Vitamin Supplements

There is a lot in the news about vitamin supplements and whether or not they are beneficial. A person who does not get enough nutrients in their diet is one who should consider taking vitamin supplements. Many people do not eat a sufficient variety of foods and therefore may be lacking in certain important vitamins.

Vitamin supplements aren’t supposed to diagnose, treat, cure, or prevent disease. A person shouldn’t use supplements in place of a balanced diet or in place of needed medicine. The best thing to do is not to self-diagnose, but to work with a health care provider to help decide if supplementing a diet would be helpful.

There are many benefits of taking vitamins, but the requirements are not the same for every person. They are not even the same for one person at different stages of life. Sometimes, such as during pregnancy, a body may require additional vitamins.

Much of the value of these supplements lies in the quality of the product. The manufacturer doesn’t have to prove that the supplement is effective, or even that it is safe to take. It is only after a supplement is on the market that it can be tried and tested by the FDA.

The acronym RDA is seen a lot but not always understood. RDA stands for recommended daily allowance. This refers to the recommended amount of a nutrient that a healthy person needs on a daily basis. The RDA varies according to age, sex, and stage of life.

There is a lot of disagreement in the medical community about whether or not vitamin supplements are useful. However, there are some common vitamins upon which many physicians and groups agree might be beneficial.

Folic acid is usually recommended for women who are pregnant or are thinking about getting pregnant. Folic acid has been proven to help prevent certain birth defects. Almost all pregnant women take prenatal vitamins, but doctors caution that these vitamins are not a substitute for healthy eating.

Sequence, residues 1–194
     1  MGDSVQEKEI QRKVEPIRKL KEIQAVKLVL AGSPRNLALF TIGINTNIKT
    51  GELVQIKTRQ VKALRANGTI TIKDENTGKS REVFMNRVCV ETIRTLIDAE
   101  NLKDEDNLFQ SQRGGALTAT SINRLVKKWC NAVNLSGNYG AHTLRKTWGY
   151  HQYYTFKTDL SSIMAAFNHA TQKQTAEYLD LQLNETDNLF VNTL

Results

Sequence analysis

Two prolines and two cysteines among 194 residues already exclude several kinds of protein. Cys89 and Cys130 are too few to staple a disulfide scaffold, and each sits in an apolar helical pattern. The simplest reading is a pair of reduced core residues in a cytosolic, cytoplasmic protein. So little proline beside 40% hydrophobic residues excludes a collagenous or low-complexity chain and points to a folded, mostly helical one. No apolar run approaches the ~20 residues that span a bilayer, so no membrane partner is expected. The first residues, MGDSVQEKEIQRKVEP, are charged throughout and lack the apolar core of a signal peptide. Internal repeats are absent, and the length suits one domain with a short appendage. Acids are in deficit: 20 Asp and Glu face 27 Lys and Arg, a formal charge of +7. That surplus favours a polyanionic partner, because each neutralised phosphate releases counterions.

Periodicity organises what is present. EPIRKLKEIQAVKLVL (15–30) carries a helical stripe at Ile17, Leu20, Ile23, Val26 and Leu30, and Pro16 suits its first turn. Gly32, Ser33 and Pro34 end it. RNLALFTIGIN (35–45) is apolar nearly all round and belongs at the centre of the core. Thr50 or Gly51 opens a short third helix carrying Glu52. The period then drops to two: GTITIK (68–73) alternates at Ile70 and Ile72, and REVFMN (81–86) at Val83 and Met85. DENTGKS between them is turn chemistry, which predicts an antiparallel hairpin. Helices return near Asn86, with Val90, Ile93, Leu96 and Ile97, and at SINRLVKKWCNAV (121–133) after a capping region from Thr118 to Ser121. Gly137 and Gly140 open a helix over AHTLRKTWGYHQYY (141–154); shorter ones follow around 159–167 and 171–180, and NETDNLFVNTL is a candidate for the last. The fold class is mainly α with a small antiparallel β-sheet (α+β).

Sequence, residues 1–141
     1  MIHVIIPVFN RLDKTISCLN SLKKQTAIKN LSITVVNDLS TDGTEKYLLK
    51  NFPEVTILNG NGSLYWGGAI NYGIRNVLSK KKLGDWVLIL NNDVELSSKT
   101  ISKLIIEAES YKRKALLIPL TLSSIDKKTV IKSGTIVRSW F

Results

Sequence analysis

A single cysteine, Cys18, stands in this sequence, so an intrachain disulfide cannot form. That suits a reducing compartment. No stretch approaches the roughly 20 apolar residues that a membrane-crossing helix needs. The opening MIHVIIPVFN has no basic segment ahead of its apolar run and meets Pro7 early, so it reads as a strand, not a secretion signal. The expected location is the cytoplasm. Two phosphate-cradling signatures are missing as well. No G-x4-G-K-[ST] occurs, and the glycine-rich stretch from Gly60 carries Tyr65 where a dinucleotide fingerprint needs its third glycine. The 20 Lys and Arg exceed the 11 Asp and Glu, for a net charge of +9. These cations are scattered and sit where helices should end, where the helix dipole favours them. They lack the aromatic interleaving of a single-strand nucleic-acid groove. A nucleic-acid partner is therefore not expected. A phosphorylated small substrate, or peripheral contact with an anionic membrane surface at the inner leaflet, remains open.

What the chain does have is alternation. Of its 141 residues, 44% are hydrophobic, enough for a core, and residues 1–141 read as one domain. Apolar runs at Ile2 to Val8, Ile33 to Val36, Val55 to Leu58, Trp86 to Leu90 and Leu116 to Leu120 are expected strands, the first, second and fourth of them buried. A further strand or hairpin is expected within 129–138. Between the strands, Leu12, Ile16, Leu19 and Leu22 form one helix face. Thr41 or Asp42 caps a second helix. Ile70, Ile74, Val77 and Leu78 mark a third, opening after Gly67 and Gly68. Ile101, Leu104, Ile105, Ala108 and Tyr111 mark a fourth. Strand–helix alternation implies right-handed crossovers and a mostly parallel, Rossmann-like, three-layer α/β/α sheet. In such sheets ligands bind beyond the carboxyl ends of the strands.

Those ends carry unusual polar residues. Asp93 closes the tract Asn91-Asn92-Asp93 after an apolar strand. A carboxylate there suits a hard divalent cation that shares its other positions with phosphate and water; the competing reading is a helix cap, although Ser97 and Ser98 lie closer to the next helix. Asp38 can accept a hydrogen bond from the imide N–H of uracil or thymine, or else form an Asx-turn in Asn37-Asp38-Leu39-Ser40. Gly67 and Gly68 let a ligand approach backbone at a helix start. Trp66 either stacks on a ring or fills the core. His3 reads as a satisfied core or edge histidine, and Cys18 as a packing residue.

Vitimin B-12 is recommended to vegans as they won’t get as much of this as others who eat animal products. It is also recommend to people who have gastrointestinal problems.

Vitamin D is recommended for breastfed babies and people who don’t eat enough Vitamin D rich foods and/or don’t get a minimal amount of sunshine daily.

The bottom line is that vitamin supplements don’t do much for the already healthy and they should not be used as a substitute for healthy eating. However, there are circumstances where vitamin supplements can be very beneficial.

The bottom line is that vitamin supplements don’t do much for the already healthy and they should not be used as a substitute for healthy eating.

The bottom line is that vitamin supplements don’t do much for the already healthy and they should not be used as a substitute for healthy eating. (wikipedia.org)

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